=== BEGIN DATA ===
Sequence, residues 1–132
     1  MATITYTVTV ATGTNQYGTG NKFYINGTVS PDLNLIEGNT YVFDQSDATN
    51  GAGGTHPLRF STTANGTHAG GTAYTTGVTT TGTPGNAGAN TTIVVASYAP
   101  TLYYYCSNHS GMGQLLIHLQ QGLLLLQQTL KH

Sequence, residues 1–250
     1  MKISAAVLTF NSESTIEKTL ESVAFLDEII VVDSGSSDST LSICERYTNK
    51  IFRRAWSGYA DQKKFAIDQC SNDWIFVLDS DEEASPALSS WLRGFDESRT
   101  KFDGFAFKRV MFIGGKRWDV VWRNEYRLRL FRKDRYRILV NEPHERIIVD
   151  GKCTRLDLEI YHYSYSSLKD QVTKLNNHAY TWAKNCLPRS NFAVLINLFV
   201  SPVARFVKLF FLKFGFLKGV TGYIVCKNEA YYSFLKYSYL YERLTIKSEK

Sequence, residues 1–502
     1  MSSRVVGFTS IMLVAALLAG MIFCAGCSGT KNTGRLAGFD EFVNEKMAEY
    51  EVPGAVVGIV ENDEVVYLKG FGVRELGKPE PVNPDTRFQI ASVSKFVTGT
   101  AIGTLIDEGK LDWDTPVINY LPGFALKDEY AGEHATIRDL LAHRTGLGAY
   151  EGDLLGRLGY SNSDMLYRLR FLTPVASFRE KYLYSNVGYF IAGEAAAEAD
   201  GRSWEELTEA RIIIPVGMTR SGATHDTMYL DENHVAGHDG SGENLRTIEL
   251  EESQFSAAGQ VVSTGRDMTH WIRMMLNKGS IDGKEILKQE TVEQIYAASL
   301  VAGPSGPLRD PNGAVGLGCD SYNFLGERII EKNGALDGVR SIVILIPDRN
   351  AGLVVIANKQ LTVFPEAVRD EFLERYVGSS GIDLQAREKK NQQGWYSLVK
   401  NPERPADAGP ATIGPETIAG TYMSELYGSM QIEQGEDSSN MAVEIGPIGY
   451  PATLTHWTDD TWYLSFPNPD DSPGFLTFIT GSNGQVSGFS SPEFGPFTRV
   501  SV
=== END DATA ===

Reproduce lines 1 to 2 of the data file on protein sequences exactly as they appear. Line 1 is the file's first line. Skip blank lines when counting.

Sequence, residues 1–132
     1  MATITYTVTV ATGTNQYGTG NKFYINGTVS PDLNLIEGNT YVFDQSDATN